Thanks! That's a good idea on the fuel cap, I did not think of that. I have just put the old fuel cap back on and I am going to re-try the Vag com pressure test first before I cut up one of the fuel caps, but that may be the next step. The other possible culprit according to the Vag com codes is the Evap canister purge solenoid which I have been unable to locate. Any ideas? By the way, I have never gotten the large leak detected code so I was advised that it wasn't likely that it was the line that runs on top of the fuel tank which I presume goes to the breather vent. But I don't know. All I can say is that I was surprised by the rapid fire sound of the LDP when I forced the pressure test, but then I have no idea how it is supposed to sound.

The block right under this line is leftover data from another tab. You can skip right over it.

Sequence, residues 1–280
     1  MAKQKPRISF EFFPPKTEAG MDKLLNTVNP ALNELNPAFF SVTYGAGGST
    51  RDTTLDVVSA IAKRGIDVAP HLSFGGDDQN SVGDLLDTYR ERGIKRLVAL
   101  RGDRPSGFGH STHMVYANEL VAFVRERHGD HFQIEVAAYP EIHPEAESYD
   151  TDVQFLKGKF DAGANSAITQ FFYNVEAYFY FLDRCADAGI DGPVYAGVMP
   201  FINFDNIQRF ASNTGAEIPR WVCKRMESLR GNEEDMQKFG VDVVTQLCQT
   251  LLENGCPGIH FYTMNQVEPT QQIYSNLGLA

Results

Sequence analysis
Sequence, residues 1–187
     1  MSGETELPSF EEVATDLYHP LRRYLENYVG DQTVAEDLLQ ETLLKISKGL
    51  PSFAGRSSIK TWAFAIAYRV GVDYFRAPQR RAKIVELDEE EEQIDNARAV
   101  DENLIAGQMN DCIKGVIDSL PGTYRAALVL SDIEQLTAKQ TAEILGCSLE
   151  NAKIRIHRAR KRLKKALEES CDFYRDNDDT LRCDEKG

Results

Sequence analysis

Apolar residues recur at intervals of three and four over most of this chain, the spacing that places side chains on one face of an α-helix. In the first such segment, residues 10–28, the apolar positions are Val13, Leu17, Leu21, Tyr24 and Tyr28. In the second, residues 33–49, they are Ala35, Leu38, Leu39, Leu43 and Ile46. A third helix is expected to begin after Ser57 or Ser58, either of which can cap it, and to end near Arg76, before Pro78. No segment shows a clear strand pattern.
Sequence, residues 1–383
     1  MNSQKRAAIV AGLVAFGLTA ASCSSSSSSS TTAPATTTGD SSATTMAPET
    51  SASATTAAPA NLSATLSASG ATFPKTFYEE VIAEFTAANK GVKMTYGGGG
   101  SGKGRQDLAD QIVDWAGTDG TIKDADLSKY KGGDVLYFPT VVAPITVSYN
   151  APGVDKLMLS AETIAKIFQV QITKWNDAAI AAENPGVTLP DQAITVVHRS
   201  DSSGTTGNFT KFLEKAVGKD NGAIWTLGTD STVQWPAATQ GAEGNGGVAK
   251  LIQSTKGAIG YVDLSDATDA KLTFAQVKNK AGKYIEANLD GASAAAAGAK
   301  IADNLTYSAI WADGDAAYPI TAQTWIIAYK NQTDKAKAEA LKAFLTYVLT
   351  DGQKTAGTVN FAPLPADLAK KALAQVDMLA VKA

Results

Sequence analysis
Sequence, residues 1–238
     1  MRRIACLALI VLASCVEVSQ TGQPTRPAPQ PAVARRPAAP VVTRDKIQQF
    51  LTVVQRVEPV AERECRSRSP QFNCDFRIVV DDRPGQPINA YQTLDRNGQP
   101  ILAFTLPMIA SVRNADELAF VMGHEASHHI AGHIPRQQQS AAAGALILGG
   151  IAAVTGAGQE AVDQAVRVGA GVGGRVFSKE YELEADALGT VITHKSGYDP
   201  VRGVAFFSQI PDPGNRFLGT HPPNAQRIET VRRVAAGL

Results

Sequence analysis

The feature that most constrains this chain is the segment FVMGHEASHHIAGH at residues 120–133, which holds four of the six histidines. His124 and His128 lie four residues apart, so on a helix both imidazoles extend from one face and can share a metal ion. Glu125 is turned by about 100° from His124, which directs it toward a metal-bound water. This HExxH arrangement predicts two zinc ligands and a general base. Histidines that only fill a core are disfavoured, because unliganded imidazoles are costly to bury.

14. #13
    3rd Gear
    Join Date
    Sep 2002
    Location
    Yorba Linda CA USA
    Posts
    2,487
    Quote Originally Posted by chephron View Post
    All I can say is that I was surprised by the rapid fire sound of the LDP when I forced the pressure test, but then I have no idea how it is supposed to sound.
    How exactly did you force that test? I've got the full-access VAG-COM but haven't tried that one.

  15. #14
    1st Gear
    Join Date
    Dec 2006
    Location
    SE Michigan
    Posts
    361
    Somehow I forgot you had a "small" leak code and thought it was a "large" leak. Small leaks are much harder to locate than large ones - they can be as small as 0.5 mm in size. The purge solenoid you are looking for is just another name for the purge valve near the air cleaner. It's possible that VW forces the purge valve/solenoid shut during the leak test and if it is partially open it could show as a leak (but that's just a guess). You could test this by removing the purge valve and plugging the hose. If you still get the leak code, the purge valve is not the problem.